The deputy stops a filibuster when agreeing to discuss a trans-law

A lawmaker who stalled the Nebraska Legislature for weeks to protest a bill that would ban gender confirmation therapies for minors has ended his persistent filibuster in a deal that will prompt lawmakers to debate the bill next week.

Sen. Machaela Cavanaugh, D-Omaha, had staged a filibuster on every bill before the Legislature — even ones she supported — since late February to protest the bill. Introduced by a freshman lawmaker and backed by far-right conservatives, the bill would ban gender-affirming therapies such as hormone treatment and gender-affirming surgery for those 18 and younger.

Kavanaugh began his efforts as the bill moved out of committee, filing amendment after amendment and spending as much time as Nebraska rules allow at the microphone to hold bills hostage on the legislative floor. She said she would continue to do so until the end of the 90-day session.

“I’m going to burn this session to the ground because of this bill,” Cavanaugh said at the time.

By the middle of Wednesday’s session, no bills had passed, and only a handful had advanced past the first of three rounds of debate, thanks to Cavanaugh’s relentless broaching.

But on Thursday, Speaker of the Legislature Sen. John Arch announced that an agreement had been reached to end the filibuster after Kavanaugh approached him seeking a compromise. Cavanaugh agreed to pause his filibustering if Arch agreed to push the trans therapy bill to the front of the queue. Debate on the bill will begin Tuesday when the legislature reconvenes after a long weekend break.

“We both agreed that it would be best to stop talking about other bills and rather just discuss the bill itself,” said Arch.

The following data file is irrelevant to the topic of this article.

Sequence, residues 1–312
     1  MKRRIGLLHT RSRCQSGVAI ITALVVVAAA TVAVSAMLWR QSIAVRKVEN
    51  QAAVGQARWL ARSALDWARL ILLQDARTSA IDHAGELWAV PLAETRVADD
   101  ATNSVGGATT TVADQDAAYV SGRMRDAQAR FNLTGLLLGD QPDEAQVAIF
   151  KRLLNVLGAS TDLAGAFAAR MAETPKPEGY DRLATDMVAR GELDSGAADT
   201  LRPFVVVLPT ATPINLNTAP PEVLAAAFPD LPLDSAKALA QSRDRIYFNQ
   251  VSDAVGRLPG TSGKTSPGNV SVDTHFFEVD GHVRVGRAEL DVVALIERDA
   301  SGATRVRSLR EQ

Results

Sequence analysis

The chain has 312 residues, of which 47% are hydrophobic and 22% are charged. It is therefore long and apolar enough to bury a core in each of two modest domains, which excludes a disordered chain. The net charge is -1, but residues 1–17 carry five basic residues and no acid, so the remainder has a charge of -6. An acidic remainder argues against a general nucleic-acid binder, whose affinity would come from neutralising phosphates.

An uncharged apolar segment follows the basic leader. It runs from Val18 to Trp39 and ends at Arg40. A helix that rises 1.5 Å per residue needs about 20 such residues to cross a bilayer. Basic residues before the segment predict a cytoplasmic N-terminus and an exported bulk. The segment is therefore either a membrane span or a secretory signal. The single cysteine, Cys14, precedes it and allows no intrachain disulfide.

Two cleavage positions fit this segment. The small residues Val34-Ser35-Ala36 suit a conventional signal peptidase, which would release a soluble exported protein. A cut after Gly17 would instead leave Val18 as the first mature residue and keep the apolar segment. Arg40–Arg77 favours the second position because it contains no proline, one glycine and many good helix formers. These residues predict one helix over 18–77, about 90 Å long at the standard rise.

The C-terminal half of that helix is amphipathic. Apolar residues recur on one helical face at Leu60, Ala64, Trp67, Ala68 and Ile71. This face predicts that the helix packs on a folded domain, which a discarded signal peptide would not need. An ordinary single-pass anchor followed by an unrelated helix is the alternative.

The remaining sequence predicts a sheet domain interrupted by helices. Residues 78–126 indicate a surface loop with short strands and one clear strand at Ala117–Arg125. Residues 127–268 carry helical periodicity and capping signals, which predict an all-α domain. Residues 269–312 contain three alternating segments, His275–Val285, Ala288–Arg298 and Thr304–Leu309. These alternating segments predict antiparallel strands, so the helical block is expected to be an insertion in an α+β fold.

Cavanaugh said early in the process that he hoped to prevent the bill from reaching the legislative floor for debate. But by Wednesday, she wanted a vote to record which lawmakers would “legislate hate against children.”

The deal is likely a sign that Kavanaugh believes he has the votes to reject the bill when a vote, expected Thursday, takes place. If the bill advances, she will resume running each bill for the rest of the session, she told several news outlets.

The Nebraska bill and another that would bar transgender people from using restrooms and locker rooms or playing on sports teams that don’t match the gender listed on their birth certificates are among approximately 150 bills targeting transgender people which were introduced into state legislation this year. Bans on gender-affirming care for minors have already been enacted this year in some Republican-led states, including South DakotaUtah and Mississippi. Arkansas and Alabama have bans that have been temporarily blocked by federal judges.

Big bill in Kentucky that bans care for gender-affirming minors was rushed through the legislative process this week by Republicans and passed Thursday. It is expected to survive the governor’s promised veto.

As in those states, conservative lawmakers dominate in Nebraska. But the Nebraska legislature is unique in several ways: It is officially nonpartisan and a unicameral body with only 49 legislators. Although bills can win approval with a simple majority, 33 votes are needed to overcome a filibuster. The Nebraska Legislature currently consists of 32 registered Republicans and 17 registered Democrats — enough for the minority to block bills they don’t like if they stay together.

LGBTQ advocacy group OutNebraska has called on opponents of the bill to show up en masse at the state Capitol next week wearing purple, blue, pink and/or white to fill the chamber’s gallery.

Arch made his own call ahead of next week’s debate, noting that passions on both sides would be high.

“Colleagues, these issues will make us behave ourselves in the remaining days,” he said. “Society expects nothing less and we should expect nothing less from each other. Let us measure our words carefully and demonstrate statesmanship in the days ahead.

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